Theresa May’s Brexit plan is under siege from across the Tory party as she attempts to overcome the final sticking points with Brussels in time to push it through a critical meeting of her cabinet ministers on Tuesday.
As time runs out, leading Brexiters have told the prime minister they remain deeply opposed to her version of an exit mechanism that would prevent the UK unilaterally quitting a temporary customs arrangement if Brexit talks collapse.
Andrea Leadsom, the Commons leader and a prominent Eurosceptic, said she was “sticking in government” to make sure the UK did not end up trapped in a customs arrangement, warning May she would struggle to get her plans past MPs.
May also faces a growing rebellion from the remainer wing of her party with rumours that four more pro-Europe ministers are on the brink of resigning after the departure of the transport minister Jo Johnson last week.
One former cabinet minister told the Guardian it was a question of “when and how many go, rather than if”, while other prominent Tory remainers claimed they were aware of a several ministers “who are hanging on by their fingertips”.
As the prime minister struggled to keep her Brexit plans – and her party – on track, her chief Brexit adviser, Olly Robbins, was in Brussels on Sunday trying to thrash out the final details of the withdrawal agreement before Tuesday.
EU diplomats have cautioned against over-optimism about a breakthrough this week, with the legal text said to remain “fluid”. Sources suggested negotiators on both sides had agreed it would be impossible for the UK to unilaterally exit its backstop on Northern Ireland, a key Brexiter demand.
A review mechanism involving a joint committee, with European court of justice oversight, allowing May the ability to claim that her all-UK customs union backstop was not permanent, is likely to be the best the government can expect.
The talks are now focusing on EU demands on “level playing field” commitments over competition and state aid, as well as social and environmental protections, to ensure UK businesses are not able to undercut European industry.
The UK has already said it is open to non-regression clauses in a future trade deal that would prevent it from lowering standards. Brussels is demanding “dynamic” alignment, which would force parliament to “cut and paste” EU regulations as they come in after Brexit, without giving Britain any say.
The Guardian has learned that EU member states are insisting on having time to scrutinise this part before it is made public. One senior diplomat said: “We cannot be left in the dark on this now, it is too important.”
UK government sources attempted to play down expectations that negotiators would reach agreement in time for the cabinet meeting. If they fail, there will not be an emergency EU summit in November and the prime minister will have to press ahead with “no deal” preparations in case negotiations ultimately falter.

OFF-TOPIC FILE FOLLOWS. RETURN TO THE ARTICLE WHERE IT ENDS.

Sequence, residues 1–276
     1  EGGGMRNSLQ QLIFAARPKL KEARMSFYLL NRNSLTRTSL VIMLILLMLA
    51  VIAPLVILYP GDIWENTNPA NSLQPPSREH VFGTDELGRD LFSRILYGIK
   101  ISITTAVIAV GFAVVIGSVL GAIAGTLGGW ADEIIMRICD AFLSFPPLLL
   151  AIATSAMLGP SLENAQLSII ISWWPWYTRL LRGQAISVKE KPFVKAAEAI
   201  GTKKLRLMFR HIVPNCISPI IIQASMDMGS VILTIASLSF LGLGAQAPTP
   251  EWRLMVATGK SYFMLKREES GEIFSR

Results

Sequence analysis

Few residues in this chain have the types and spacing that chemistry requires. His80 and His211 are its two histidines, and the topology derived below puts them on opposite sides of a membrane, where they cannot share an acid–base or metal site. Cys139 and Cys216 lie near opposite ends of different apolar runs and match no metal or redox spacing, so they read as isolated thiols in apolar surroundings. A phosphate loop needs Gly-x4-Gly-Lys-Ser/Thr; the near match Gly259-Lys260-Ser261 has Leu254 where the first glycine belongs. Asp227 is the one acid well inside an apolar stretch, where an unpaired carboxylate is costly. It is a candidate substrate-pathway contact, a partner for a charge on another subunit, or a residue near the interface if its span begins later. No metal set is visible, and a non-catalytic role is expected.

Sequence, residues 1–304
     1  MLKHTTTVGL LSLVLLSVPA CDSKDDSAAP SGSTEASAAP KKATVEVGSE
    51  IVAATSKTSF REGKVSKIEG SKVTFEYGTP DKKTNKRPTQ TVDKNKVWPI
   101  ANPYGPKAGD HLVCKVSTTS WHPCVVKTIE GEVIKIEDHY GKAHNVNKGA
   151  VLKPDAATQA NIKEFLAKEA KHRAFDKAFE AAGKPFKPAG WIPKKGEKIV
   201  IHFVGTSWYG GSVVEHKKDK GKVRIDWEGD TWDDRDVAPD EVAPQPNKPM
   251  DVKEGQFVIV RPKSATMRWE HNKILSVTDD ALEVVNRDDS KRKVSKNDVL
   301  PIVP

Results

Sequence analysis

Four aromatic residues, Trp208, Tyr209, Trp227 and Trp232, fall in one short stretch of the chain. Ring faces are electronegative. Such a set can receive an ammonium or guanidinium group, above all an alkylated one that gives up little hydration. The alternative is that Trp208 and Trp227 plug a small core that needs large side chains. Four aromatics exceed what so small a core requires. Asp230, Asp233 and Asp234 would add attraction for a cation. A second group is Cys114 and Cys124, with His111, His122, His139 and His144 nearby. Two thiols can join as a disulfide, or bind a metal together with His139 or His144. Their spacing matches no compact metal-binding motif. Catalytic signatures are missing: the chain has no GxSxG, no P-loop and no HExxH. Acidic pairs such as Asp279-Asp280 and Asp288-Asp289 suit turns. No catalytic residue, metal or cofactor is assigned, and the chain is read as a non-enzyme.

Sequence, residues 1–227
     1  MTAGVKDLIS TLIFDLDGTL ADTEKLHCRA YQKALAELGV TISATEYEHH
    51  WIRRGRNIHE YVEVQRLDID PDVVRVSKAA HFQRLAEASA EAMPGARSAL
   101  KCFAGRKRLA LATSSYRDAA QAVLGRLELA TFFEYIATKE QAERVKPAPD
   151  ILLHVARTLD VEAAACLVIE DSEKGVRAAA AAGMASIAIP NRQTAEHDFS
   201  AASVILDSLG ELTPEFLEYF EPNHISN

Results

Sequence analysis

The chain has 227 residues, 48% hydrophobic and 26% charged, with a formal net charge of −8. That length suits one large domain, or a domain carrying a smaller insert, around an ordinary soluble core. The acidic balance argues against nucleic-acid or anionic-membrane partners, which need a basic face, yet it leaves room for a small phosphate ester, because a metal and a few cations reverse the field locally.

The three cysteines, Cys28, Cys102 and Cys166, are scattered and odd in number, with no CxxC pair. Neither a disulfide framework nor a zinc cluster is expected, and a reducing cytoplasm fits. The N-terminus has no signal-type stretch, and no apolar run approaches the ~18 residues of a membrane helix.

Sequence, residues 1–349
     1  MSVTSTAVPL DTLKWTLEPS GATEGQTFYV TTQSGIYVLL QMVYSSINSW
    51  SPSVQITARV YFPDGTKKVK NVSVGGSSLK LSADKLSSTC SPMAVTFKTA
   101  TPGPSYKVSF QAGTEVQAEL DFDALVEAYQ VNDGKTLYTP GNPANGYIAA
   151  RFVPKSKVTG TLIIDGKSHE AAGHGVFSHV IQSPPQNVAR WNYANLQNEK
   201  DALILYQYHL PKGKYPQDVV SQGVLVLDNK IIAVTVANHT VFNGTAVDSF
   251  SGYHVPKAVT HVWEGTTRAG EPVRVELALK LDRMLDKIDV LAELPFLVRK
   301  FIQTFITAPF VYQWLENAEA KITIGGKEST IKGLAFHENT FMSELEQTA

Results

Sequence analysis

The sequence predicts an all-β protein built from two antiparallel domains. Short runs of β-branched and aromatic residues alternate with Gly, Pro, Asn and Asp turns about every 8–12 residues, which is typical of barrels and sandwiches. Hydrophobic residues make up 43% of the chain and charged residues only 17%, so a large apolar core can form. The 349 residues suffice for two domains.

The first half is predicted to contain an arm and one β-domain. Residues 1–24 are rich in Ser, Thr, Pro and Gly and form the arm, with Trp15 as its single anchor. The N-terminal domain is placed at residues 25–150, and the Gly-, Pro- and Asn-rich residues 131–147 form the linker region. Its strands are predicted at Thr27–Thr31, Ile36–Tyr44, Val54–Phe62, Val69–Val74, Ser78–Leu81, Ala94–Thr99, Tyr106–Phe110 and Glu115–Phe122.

May is expected to face anger from cabinet Brexiters over her exit mechanism plans.
Yet cabinet sources suggested that disgruntled ministers would stop short of quitting over the exit mechanism plan. Even if they were “bounced” into agreeing to the deal, May would still face a serious challenge getting it through the Commons.
Leadsom told BBC Radio 5 Live: “I am working towards getting a deal that does not require the UK to be stuck, trapped in a customs arrangement. I’m sticking in government to make sure that’s where we get to in the end.”
She added: “The UK cannot be held against its will in a customs arrangement. It must be capable for the United Kingdom to decide to leave that customs arrangement and it cannot be something that the European Union can then hold us to.
“And, frankly, it’s because that would be to then fail to fulfil on the will of the people expressed in the referendum and I very much doubt that we would get it through parliament.”
Cabinet Brexiters have pushed for a unilateral route, with the international trade secretary, Liam Fox, the first to say publicly the power to leave the backstop – the UK’s insurance policy if talks fail – should rest with the “sovereign” British government.
The education secretary, Damian Hinds, said the EU would not accept that plan. “If you have too hard a line about saying, ‘well, we must just have a totally unilateral exit, or there’s an absolutely fixed, hard end date’, that is very, very unlikely that is going to be negotiable with the other side,” he said.
He urged an alliance of Conservative hard Brexiters and the DUP, who have said they will join forces to vote down May’s withdrawal plans, to “think about the alternatives”, saying there would be “trade-offs” in any deal.
The latest plan under discussion is believed to include the option of pushing ahead with a “successor agreement” that would set out the full trading relationship between the EU and UK by late 2020, and extending the transition period if needed.
As a last resort a UK-wide backstop would kick in, with Northern Ireland aligned more closely with single market rules to avoid a hard border, inevitably prompting a showdown with the DUP, who oppose any trade border in the Irish Sea.
The prime minister also faces growing pressure to press the button on her no-deal preparations. Gen Sir Nick Carter, chief of the defence staff, told the BBC the military “stands ready to help in any way we can” in the event of no deal.
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